getTV Mickey Rooney Blogathon: OPERATION MAD BALL (1957)

Jack Lemmon got his first leading role in Richard Quine‘s OPERATION MAD BALL (1957), a screwball military comedy with an entertaining cast that includes Ernie Kovacs, Kathryn Grant, Arthur O’Connell, Mickey Rooney, Dick York and James Darren.

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With a screenplay co-written by Arthur Carter, Jed Harris and Blake Edwards, OPERATION MAD BALL is about a group of American GIs stationed at the 1066th General Hospital in Normandy at the end of World War II.  Led by Private Hogan (Lemmon) the group puts together a complicated plot they call “Operation Mad Ball” to throw a huge party in hopes of quelling their boredom, which is no easy task given their commanding officer is the by-the-book Captain Locke (Kovacs).  Hogan is determined, however, to make the Mad Ball a reality despite military rules and regulations and sets forth to recruit the assistance of many of his fellow servicemen who are hungry to party with the nurses.  Among those whose talent and resourcefulness Hogan enlists are his partner in crime, Corporal Bohum (York) and crafty transportation officer, Sergeant Yancy Skibo (Rooney).  Rooney’s contribution to OPERATION MAD BALL is small, but memorable…

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Hogan and Bohun visit Skibo to get the Commanding Officer shipped back to the U.S. so the coast is clear for the mad ball…
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The jive-talking Skibo says “no can do” to the scheme…
York, Rooney and Lemmon
Until he learns he’ll be invited to the Mad Ball and imagines his moves with the nurses.

In order to make Operation Mad Ball a success, Hogan and his troupe stop at nothing, including feigning serious diseases and injuries.  While little in this mad cap story is believable, a great cast led by the talented Mr. Lemmon whose brisk timing sets a wild pace makes for an enjoyable time in OPERATION MAD BALL.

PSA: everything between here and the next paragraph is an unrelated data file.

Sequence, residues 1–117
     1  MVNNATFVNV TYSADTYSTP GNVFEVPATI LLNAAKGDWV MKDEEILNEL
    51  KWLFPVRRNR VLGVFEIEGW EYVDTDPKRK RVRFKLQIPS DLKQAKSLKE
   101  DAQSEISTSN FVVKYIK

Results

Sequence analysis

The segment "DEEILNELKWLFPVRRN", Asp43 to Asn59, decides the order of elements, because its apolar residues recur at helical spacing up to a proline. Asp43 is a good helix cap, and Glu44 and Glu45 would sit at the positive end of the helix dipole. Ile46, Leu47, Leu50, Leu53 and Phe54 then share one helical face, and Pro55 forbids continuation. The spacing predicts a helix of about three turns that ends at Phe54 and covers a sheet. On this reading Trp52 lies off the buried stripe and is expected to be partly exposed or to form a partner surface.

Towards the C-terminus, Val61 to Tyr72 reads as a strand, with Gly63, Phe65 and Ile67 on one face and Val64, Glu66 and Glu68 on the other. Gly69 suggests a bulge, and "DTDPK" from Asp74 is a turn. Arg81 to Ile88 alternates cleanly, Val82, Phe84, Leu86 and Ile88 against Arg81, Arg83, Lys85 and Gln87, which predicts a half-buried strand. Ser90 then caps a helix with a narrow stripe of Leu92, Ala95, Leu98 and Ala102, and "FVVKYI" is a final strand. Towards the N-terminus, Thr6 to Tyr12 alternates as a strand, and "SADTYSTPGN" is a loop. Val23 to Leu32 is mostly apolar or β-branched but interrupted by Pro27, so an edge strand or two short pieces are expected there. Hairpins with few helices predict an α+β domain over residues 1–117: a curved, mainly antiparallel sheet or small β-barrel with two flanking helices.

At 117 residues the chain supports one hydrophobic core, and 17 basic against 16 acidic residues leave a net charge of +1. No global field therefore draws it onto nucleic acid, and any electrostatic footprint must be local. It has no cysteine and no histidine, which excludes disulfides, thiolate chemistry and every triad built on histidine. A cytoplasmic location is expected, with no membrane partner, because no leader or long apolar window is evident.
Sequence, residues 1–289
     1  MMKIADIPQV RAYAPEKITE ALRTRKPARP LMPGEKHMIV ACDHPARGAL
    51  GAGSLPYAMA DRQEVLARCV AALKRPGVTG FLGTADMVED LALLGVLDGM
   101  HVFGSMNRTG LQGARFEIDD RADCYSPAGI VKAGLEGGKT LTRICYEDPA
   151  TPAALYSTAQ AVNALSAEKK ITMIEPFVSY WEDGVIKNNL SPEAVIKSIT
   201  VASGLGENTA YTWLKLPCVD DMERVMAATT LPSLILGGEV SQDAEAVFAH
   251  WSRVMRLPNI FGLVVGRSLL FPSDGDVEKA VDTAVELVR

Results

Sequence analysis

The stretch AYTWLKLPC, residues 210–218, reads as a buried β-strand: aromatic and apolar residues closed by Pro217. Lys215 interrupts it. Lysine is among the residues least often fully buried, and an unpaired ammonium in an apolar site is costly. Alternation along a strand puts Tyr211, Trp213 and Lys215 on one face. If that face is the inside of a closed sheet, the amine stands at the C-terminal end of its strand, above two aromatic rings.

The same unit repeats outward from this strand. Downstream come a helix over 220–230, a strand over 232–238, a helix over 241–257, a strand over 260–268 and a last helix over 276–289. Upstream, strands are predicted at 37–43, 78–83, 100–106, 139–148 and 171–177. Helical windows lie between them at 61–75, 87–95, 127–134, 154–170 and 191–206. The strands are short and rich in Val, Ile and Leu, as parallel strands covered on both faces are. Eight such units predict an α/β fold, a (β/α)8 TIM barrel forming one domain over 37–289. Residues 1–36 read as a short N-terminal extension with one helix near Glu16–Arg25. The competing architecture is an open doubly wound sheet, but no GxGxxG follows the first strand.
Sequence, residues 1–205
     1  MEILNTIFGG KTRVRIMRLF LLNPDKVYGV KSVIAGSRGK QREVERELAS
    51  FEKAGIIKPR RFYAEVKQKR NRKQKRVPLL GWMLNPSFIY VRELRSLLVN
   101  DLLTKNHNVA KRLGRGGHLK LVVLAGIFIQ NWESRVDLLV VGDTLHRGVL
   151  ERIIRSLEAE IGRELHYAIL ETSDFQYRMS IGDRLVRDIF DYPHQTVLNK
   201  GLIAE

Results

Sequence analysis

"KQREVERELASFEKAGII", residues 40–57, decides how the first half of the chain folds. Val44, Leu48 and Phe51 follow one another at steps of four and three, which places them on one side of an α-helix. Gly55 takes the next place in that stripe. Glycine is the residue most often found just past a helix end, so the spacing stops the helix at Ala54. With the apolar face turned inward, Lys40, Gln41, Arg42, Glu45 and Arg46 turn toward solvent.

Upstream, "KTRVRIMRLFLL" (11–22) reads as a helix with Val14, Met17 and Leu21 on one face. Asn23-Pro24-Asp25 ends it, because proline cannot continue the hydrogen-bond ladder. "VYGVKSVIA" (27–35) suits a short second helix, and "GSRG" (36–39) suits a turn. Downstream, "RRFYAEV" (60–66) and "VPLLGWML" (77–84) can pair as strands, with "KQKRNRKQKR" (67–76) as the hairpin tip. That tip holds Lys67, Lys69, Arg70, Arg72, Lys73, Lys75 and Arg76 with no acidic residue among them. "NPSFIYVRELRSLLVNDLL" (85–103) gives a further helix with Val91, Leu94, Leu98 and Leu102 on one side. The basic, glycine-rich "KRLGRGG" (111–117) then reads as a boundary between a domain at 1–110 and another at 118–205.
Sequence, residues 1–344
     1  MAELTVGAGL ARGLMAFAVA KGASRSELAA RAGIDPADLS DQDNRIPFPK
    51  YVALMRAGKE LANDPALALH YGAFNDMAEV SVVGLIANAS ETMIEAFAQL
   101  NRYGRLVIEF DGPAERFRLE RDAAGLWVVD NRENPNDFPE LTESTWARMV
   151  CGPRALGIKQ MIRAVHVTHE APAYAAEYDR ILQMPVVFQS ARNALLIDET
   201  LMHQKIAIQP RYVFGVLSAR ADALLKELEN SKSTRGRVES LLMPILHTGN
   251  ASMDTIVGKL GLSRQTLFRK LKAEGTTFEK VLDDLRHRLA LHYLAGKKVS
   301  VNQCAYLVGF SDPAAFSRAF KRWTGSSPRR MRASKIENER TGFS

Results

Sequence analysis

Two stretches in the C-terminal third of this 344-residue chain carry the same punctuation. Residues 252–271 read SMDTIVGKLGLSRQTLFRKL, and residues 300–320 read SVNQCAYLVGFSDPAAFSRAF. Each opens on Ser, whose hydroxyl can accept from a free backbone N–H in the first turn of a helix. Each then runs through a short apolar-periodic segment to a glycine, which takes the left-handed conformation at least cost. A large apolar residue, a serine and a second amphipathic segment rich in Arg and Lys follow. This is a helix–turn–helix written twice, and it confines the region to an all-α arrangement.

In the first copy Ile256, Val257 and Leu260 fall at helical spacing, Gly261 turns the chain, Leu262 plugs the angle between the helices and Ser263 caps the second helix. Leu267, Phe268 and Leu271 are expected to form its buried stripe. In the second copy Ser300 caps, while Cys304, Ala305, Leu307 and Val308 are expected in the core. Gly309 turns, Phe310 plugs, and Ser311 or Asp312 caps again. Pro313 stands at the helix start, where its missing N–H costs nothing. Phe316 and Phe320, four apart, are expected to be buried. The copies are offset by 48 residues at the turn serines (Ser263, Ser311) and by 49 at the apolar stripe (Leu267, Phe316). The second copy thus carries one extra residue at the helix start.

If you’re interested in watching OPERATION MAD BALL you can do so on getTV tonight (September 1st) at 8 pm est. and twice on September 18th as part of the network’s themed Thursday nights dedicated to Mickey Rooney, who would have celebrated his 94th birthday on September 23rd.  You can access the entire getTV schedule here and check to see if getTV is available in your area here.

This post is part of The getTV Mickey Rooney Blogathon hosted by Once Upon a ScreenOutspoken & Freckled and Paula’s Cinema Club taking place throughout the month of September. Please visit the getTV schedule for details on Rooney screenings throughout the month and any of the host sites for a complete list of entries.

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13 thoughts

  1. Aurora, OPERATION MAD BALL may not be a classic, but it sure works fine for a likeably goofy service comedy with a swell cast, including Lemmon, Team Bartilucci fave Ernie Kovacs, Dick York, Mickey Rooney, Grant (later Mrs. Bing Crosby in real life). And Blake Edwards on the screenplay, to boot! It might not have won Oscars, but it’s good fun all the same! 😀

    1. Hi Dorian – I agree. BTW, I was too lazy to look it up, but Grant looked very familiar to me, but I couldn’t place her. I don’t remember her from movies, but from the Christmas specials with Bing on TV! THANKS! Now I can sleep. 🙂 This was Kovacs’ first feature too. Anyway, thanks much for stopping in!

      Aurora

  2. Hi, Aurora:

    I had a chance to take a long, deep glance at ‘Operation: Mad Ball’ when I was critiquing Mr. Lemmon’s talents for Ruth at Flixchatter last year, An exception service comedy that hits all the right notes. Not just with using back lots as very passable ‘Tent Cities’ for myriad G.I.s. But also for letting a young Jack Lemmon romp and play in the kind of characters he would hone to perfection in later films. Opposite a contemplative, rubbery faced Ernie Kovacs.

    His Pvt. Hogan is spot on for many celluloid and real life schemers I’ve met and rubbed elbows with in real life. Backed up by the perfect “Gofer” in Cpl. Bohum. And his over the top, rhyming, flip side of Andy Hardy
    cousin, Sgt. Yancy Skibo.

    Mr. Rooney excels at fast talking. And in this film, he’s given every opportunity to wallow and slosh around and be an overgrown, lecherous kid! Physically loose and fluid. While being wound up tighter than a drum on the inside. As he juggles diverse parts of supplying the musical entertainment into something that rocks out loud at the film’s end!

    Very nicely done!!!

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